Darrel Orsmond, Financial Services Industry Head at SAP Africa, looks at the benefits in investing in Blockchain technology.
Blockchain technology will enable financial transactions to take place quicker and provide an undisputed version of the truth for all parties to a transaction.
This has fundamental consequences for the way the financial services industry operates. However, much like the Internet in its early days, the true value of Blockchain – and its potential uses – remains largely undiscovered.
Blockchain will improve trust and provide transparency to business processes running across multiple participants. All relevant information will be available to the parties involved in the transaction, securely and reliably. This has applications beyond financial transactions: for example, in proving property ownership in rural areas where other official forms of proof-of-ownership may be absent.
Blockchain is a distributed digital ledger that uses specialised algorithms to ensure that transactions are valid and authentic. It is based on a decentralised architecture and protected by powerful digital encryption. As such, Blockchain can supplement trusted third parties, like banks, in guaranteeing transactions and coordinating agreement among parties. However, for the technology to be adopted in the mainstream, all players – financial services companies, regulators, governments – need to agree on certain standards.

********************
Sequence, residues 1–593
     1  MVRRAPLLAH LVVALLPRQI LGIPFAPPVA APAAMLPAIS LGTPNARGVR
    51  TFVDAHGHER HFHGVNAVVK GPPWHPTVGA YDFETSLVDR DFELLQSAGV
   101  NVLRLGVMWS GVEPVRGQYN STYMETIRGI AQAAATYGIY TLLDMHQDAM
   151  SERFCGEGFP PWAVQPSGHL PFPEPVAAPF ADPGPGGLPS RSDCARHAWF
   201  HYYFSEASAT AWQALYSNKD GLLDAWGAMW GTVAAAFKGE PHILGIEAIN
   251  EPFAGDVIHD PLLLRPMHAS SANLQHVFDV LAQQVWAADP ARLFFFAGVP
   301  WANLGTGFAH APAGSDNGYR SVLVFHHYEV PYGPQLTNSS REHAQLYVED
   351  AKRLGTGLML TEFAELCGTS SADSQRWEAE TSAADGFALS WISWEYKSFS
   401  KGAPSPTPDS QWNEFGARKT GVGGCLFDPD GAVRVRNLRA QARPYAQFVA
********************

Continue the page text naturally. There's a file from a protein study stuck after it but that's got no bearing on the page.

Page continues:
SAP continues to further develop specialised software for customers across the banking, agriculture, energy, healthcare and media industries to enable them to connect Blockchains to its HANA Cloud Platform. In one case, SAP is using Blockchain software to let patients share electronic medical records with doctors or drug makers for a specific time-period, during medical care or a study.
Another project managed to transfer funds between a Canadian and German bank using Blockchain, reducing the transfer time from a few days to only 20 seconds.
This technology has such potentially far-reaching implications that it may still take some time before the right kind of unifying innovation emerges. The immediate opportunity lies in the ‘white spaces’, aspects of business or transactions that are not encumbered by onerous regulations and standardised processes. For example, by using geolocation and validating the information through public records, an individual could create a record of their ownership of a piece of land even in rural areas, where other forms of proof-of-ownership are scarce or nonexistent.
Technology companies and innovators will have to accelerate the adoption of Blockchain by creating useful and accessible applications thereof, much in the same way as companies like Google, Amazon and Facebook accelerated the adoption of the internet by creating new ways of delivering value to businesses and people. It will be necessary for common standards to be adopted to make this possible.